Get to know Jan De Vilder

Introducing our colleague Jan De Vilder, a true veteran here at Cubis! Ever wondered what it’s like to journey through data analysis? 📊🔍 Jan tells you all about it in this interview, giving you an insider’s view of his career, and even a sneak peek into his future ambitions. Scroll on to uncover the story! 👇🏻

How long have you been working as a data analyst?

I have been working as a data analyst since 1993. My career began at a Ghent-based company, building Swedish cars. I was team leader of the production planning department. On my very first working day, my manager asked: “Are you familiar with SQL?” As a physicist, being relatively new to the IT domain, I wasn’t familiar with SQL at all. I quickly started studying SQL myself. At that time, we used SQL on a DB2 database on an IBM mainframe. At the same time, I learned programming in APL2. This is a multi-dimensional array-based programming language. I never encountered another programming language as powerful as APL2.  Hence, being unaware, I rolled into the world of data analytics.

Where did you discover your passion for data?

Over the course of three years, I improved my skills in SQL and APL2. Later, while working for another company, I delved into PowerBuilder, a Sybase client/server application development tool. Later acquired by SAP in 2010. In PowerBuilder, we developed a spare-parts ordering application for car-dealers. At the end of the previous century, I found myself at a consulting company that introduced Business Objects v4.1 to customers. We developed custom data warehouses in Oracle and used BusinessObjects as a reporting tool on top. Immersing myself in the realm of data, I got passioned by Business Objects, making data consumable for business users without IT knowledge. In 2000, I joined Business Objects (later acquired by SAP in 2008) as a consultant, traveling extensively for SAP BusinessObjects-related projects across the globe until 2015.

However, the extensive travelling schedule began to take a toll, especially when having young children. Consequently, I pursued opportunities with other Belgian companies, working as a BI consultant. Since I didn’t want to be trained as an SAP BW consultant, I decided to explore a new role as a BI Project Manager in a different organization. It was during that time I had the opportunity to attend TechEd in Barcelona, where I discovered SAP Analytics Cloud. I followed all possible SAP Analytics Cloud workshops and was impressed by the tool.

How did you get in touch with Intellus / Cubis?

It began with a phone call from Wim Van Wuytswinkel. He discovered me on LinkedIn. We decided to meet each other for a business lunch. We had a nice conversation and immediately a connection was triggered. During our discussion, I expressed my desire to work with SAP Analytics Cloud, and Wim informed me about Intellus’ needs for professionals with this expertise. Consequently, I joined Intellus/Cubis in 2018 and have been a part of the team ever since.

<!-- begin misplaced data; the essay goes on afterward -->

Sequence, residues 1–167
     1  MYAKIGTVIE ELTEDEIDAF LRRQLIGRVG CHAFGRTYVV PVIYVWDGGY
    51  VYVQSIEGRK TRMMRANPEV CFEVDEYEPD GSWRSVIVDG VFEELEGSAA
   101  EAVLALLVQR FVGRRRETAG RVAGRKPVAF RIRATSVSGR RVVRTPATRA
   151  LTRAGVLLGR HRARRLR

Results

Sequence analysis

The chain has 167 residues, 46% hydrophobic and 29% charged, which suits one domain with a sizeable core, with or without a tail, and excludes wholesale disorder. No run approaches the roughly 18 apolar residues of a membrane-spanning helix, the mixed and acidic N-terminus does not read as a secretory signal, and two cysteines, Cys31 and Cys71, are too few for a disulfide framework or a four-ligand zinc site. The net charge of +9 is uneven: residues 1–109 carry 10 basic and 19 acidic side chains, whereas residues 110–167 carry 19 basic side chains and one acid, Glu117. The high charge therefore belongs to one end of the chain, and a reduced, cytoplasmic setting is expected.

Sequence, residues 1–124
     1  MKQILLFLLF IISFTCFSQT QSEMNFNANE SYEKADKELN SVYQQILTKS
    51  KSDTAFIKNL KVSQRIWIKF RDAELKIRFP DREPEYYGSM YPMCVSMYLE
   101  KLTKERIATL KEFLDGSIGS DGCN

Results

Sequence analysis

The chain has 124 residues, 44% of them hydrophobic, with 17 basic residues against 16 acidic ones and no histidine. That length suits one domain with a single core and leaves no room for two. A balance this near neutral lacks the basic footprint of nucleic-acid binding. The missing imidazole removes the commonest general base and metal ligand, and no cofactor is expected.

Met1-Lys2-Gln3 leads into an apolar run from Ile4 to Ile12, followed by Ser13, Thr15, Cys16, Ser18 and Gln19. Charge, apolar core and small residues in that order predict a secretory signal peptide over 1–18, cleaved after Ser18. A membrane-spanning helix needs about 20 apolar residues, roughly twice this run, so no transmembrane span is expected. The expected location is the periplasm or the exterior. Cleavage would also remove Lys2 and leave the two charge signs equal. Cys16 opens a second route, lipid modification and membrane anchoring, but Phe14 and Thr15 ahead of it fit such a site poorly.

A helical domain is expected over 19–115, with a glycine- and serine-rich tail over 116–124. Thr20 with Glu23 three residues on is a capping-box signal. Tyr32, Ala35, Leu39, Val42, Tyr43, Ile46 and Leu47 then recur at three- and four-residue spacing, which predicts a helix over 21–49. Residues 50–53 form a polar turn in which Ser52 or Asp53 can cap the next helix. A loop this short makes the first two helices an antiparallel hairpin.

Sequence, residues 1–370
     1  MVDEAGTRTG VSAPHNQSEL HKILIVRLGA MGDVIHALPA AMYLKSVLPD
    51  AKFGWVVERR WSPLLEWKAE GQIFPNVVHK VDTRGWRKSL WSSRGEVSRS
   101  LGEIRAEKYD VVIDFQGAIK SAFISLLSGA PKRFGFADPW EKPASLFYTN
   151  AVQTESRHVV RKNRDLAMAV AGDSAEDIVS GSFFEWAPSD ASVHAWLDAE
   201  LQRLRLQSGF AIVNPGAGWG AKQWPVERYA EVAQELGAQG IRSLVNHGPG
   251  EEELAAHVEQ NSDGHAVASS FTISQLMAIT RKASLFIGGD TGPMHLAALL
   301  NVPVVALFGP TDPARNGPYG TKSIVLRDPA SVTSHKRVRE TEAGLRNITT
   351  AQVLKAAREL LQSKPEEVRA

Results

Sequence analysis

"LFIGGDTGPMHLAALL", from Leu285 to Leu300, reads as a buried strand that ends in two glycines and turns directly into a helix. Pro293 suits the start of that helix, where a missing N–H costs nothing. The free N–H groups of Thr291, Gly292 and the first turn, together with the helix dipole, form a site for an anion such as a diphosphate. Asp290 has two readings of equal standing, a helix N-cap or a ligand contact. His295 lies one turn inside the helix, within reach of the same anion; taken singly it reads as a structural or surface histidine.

How does it feel being a more senior person within the organization?

Being a more senior professional, I don’t quite notice a generation gap. It keeps me young! Despite my age, I still have a young state of mind, feeling as energetic as someone in their mid-twenties. Outside office hours we cycle, run, walk, snowboard, or party together😉.

Besides, I have occasion to share my experience in Business Objects or SAP Analytics Cloud to younger colleagues. Simultaneously, there is a wonderful “cross fertilization” that occurs. The younger generation brings fresh perspectives and alternative ways of approaching challenges. Through this mutual exchange, I find myself continuously learning from my younger colleagues, as they introduce new ideas and alternative viewpoints. Each day brings new opportunities for growth and learning within this dynamic team.

How would you compare yourself now to how you were before as a data analyst?

Before being a data analyst, I was a scientist-researcher at university. Becoming a data analytics consultant made me understand the business processes in companies. Why and how some decisions were made. It made me understand better the reasons behind business requirements. I became more confident interacting with customers in English, French, Dutch or even German. I now possess the knowledge and expertise necessary to address and resolve any complex challenges that may arise. As a result, I have become more at ease, confident and relaxed in both my professional and personal lives.

What do you enjoy most about working at Cubis?

During office time we do not see each other very often. Everyone is working professionally with their own customers. What I enjoy most is the colleagues supporting each other. Sharing their knowledge. You can contact your colleagues anytime and they will make time for you, helping to solve your issue. We have a lot of fun together after the office hours in sportive events, or even fun or challenging events. It’s a spontaneous thing.

Which piece of your job do you find most interesting?